1. Pre-warm R-Spondin 1 and mNoggin growth medium in a 37°C water bath. Add 0.3 mg/mL zeocin for R-Spondin 1 cells and 0.5 mg/mL geneticin for mNoggin cells, respectively. Use media supplemented with the respective antibiotics for all subsequent steps.

      2. Aspirate and discard the growth medium.

      3. Rinse the cell layer twice with 10 mL of PBS.

      4. Add 2 mL of 0.5% trypsin-EDTA solution to the flask and place it at 37°C for 5-10 min.

        Note: You can follow the progression of cell detachment under a microscope.

      5. Add 8 mL of pre-warmed R-Spondin 1 growth medium and mNoggin growth medium, respectively, to stop the trypsinization reaction and transfer each of the cell suspensions to a 15 mL tube.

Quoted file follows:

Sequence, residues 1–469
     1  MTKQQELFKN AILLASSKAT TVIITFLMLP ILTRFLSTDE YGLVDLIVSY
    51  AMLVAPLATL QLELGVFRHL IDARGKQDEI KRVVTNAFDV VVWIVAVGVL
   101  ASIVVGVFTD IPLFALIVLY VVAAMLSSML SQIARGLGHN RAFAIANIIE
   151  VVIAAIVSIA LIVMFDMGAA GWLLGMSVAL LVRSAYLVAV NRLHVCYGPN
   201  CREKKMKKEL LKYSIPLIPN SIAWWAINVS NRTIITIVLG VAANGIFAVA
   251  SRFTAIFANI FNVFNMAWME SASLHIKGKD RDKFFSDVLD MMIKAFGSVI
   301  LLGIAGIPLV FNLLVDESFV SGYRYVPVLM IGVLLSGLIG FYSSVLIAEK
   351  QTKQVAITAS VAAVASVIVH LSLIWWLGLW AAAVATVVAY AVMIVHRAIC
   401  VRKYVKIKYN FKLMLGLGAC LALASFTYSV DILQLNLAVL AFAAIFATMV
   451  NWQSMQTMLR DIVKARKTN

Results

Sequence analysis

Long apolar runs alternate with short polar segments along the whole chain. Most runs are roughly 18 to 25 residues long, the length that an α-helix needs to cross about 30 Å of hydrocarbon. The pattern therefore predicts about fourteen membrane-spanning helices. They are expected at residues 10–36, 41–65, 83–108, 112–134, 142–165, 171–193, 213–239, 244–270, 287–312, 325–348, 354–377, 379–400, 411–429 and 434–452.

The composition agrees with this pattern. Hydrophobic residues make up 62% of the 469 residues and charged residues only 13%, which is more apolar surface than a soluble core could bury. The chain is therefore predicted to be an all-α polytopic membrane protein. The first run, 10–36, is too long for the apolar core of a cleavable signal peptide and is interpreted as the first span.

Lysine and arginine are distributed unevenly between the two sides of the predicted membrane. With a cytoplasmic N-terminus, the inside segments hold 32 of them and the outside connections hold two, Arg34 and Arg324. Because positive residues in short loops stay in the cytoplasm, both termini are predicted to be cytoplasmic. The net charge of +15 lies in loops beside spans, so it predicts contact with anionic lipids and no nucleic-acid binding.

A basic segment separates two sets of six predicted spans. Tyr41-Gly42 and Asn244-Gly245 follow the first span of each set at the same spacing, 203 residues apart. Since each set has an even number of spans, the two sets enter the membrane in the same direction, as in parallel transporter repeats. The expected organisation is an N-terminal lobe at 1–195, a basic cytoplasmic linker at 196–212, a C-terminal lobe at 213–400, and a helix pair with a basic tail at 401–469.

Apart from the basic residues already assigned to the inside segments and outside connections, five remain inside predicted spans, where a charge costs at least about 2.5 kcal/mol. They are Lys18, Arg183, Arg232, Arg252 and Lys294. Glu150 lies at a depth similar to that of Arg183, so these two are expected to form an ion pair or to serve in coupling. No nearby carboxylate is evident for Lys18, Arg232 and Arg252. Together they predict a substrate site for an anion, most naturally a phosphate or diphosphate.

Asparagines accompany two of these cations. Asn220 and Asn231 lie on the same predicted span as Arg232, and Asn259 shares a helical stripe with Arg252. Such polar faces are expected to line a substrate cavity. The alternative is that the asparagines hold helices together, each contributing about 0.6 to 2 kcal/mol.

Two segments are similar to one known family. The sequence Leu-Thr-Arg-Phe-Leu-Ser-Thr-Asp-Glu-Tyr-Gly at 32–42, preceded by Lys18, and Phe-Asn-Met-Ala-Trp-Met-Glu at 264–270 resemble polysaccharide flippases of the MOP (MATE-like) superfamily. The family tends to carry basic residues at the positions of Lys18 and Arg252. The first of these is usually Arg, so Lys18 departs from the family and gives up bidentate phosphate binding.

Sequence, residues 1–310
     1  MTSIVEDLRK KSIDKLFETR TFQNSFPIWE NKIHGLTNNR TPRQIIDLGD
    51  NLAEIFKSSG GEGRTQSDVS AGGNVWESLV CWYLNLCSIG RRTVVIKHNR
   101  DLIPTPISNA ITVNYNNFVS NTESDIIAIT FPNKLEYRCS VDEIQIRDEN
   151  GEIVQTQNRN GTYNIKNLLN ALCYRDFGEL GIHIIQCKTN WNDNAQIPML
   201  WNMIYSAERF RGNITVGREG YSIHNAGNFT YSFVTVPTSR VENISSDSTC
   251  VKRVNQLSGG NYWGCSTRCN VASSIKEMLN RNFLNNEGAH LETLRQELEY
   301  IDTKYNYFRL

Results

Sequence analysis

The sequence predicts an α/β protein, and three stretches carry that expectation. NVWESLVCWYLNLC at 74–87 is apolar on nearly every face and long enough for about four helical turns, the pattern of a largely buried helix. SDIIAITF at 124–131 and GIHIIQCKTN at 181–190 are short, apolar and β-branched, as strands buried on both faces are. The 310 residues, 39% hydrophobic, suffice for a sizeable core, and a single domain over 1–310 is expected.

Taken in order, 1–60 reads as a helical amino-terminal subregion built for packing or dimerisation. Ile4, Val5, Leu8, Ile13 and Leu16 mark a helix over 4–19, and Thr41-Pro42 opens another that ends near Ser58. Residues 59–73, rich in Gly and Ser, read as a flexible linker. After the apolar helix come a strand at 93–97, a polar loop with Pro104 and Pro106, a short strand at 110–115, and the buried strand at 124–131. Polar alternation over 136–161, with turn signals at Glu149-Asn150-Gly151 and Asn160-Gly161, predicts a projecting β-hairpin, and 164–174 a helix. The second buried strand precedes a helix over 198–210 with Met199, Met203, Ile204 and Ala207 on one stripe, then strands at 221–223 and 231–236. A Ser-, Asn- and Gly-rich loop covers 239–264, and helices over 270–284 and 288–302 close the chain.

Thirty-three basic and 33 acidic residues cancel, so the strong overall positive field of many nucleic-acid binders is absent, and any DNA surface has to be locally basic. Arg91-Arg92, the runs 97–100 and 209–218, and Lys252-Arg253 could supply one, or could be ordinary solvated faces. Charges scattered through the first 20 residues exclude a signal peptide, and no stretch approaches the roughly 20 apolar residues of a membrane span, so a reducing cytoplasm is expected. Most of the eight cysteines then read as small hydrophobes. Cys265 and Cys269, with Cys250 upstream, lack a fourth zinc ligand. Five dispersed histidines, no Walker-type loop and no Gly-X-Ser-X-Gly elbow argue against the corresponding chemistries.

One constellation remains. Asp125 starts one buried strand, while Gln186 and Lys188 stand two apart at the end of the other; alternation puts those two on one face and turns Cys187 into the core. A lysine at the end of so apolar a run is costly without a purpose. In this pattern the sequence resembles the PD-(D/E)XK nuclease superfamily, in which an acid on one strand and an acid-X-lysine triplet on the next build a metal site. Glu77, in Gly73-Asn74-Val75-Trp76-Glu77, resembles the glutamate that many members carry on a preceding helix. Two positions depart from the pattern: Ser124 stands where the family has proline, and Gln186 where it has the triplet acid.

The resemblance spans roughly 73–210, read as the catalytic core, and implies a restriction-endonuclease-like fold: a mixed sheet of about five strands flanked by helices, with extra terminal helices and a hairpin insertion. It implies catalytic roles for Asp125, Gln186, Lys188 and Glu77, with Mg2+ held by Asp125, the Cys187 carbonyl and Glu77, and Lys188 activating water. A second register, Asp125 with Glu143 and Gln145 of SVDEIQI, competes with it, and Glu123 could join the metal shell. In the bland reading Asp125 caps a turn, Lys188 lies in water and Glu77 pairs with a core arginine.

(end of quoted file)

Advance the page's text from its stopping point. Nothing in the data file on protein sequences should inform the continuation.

6. Centrifuge at 134 × g for 5 min at 4°C.

      7. Aspirate and discard the supernatants.

      8. If you want to start with the preparation of conditioned medium, expand each culture by subculturing it to two T150 flasks. Therefore, resuspend the pellets in 9 mL of pre-warmed R-Spondin 1 growth medium and mNoggin growth medium, respectively. Transfer 3 mL of the cell suspensions into each of the two new T150 flasks containing 37 mL of the respective pre-warmed growth medium.

        Note: If you do not want to proceed with harvesting, passage the cells at a sub-cultivation ratio of 1:10.

      9. Incubate the flasks at 37°C in an incubator with 5% CO2 until the cells reach confluency after 3-4 days.